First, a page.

India is likely to receive normal monsoon rains in 2023 despite the likely emergence of the El Nino weather phenomenon, the India Meteorological Department (IMD) said on May 26, but experts warned that inflation needs to be closely watched.
“A normal monsoon would lead to better crop output this year as parts of India, specifically Maharashtra, have been suffering from a glut in vegetables due to high rains the past few years,” said Deepak Chavan, an agriculture expert.
Even so, the spatial distribution impact of the monsoon on food inflation will need to be watched.
Normal monsoon and harvest would be good news for crops, including onions, tomatoes and tur, among others, which had seen bumper outputs this year and last year, Chavan added.
Prices of onion in Lasalgaon, India’s largest wholesale market for onions located in Maharashtra’s Nashik district, had crashed to an all-time low of Re 1 to Rs 2 per kilogram in February. Several other vegetable crops had met a similar fate in Punjab and Haryana.
“Decent to average rainfall forecast may translate into better conditions for farmers. With highly declining ground-water levels and a resultant ban on groundwater irrigation, especially in Haryana and Punjab, this may be a huge help and even lead to ground water recharge,” said Vartika Singh, Senior Research Analyst at the International Food Policy Research Institute.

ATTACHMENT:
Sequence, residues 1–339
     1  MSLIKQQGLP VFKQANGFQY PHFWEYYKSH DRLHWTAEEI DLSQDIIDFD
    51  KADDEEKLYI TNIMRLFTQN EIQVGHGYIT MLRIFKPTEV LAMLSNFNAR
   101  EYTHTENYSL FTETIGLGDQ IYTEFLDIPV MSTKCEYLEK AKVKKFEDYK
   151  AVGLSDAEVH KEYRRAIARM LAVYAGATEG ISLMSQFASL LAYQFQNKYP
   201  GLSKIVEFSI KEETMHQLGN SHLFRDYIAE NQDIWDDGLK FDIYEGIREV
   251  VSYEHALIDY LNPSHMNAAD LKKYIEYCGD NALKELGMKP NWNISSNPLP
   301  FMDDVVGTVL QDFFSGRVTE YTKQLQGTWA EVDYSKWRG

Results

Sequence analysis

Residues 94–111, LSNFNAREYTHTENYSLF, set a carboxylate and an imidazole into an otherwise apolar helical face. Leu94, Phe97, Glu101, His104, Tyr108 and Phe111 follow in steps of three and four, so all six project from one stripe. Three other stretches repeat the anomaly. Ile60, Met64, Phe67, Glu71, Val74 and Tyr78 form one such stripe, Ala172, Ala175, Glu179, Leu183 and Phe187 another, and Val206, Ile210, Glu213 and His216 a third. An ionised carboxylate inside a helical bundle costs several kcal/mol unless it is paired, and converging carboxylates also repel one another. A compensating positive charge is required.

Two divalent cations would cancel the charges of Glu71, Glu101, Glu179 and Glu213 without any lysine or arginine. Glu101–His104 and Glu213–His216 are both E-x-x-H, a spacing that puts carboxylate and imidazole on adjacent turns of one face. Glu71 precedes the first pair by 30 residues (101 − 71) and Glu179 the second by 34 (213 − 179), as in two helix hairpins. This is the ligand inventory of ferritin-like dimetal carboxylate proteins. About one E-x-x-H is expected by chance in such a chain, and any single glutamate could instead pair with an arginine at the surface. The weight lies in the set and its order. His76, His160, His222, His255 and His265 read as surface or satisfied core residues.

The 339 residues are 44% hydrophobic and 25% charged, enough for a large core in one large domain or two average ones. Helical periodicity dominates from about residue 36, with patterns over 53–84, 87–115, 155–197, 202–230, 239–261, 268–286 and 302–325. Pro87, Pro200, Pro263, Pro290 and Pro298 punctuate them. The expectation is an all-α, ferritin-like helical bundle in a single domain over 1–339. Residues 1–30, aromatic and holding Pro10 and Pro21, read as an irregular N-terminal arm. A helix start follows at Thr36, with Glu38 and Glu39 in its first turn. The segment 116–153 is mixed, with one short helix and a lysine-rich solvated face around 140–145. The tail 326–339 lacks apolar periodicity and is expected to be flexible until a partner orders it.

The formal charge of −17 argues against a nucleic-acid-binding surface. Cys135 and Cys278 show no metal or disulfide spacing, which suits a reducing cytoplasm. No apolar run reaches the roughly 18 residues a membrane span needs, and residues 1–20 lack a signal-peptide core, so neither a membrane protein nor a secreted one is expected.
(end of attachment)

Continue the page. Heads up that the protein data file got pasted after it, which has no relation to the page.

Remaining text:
Timing of future forecasts will be key, she said. “If IMD continues to give timely forecasts which also penetrate down to farmers, it will prove beneficial.”
The forecast of a normal monsoon, if it processes to be correct, would help check inflation, said Madhavi Arora, Lead Economist, Emkay Global Financial Services Ltd.
This will mean that pressure on the central bank for policy action to tackle inflation will taper as well, she said.
Spatial distribution crucial
IMD has predicted below-normal rainfall in Northwest India, which is less than 92 percent of the Long Period Average (LPA), normal rainfall in northeast India, Central India and South Peninsular India.
On the June rainfall, IMD said the average over the country in the month is most likely to be below normal.
“If I take the average of Skymet as well as IMD forecasts, then there is a 10 percent LPA deficiency,” Karan Mehrishi, an independent economist, said.
If partially filled, given the fact that these regions are the primary food baskets of the country, says Mehrishi, there will be irrigation problems as well. He estimates that there will be a material impact on food inflation at least in the second half of the financial year.
“Given the fact that almost 46 percent of CPI (Consumer Price Index) is based on food basket, there will be a material impact on headline number for the financial year,” Mehrishi added.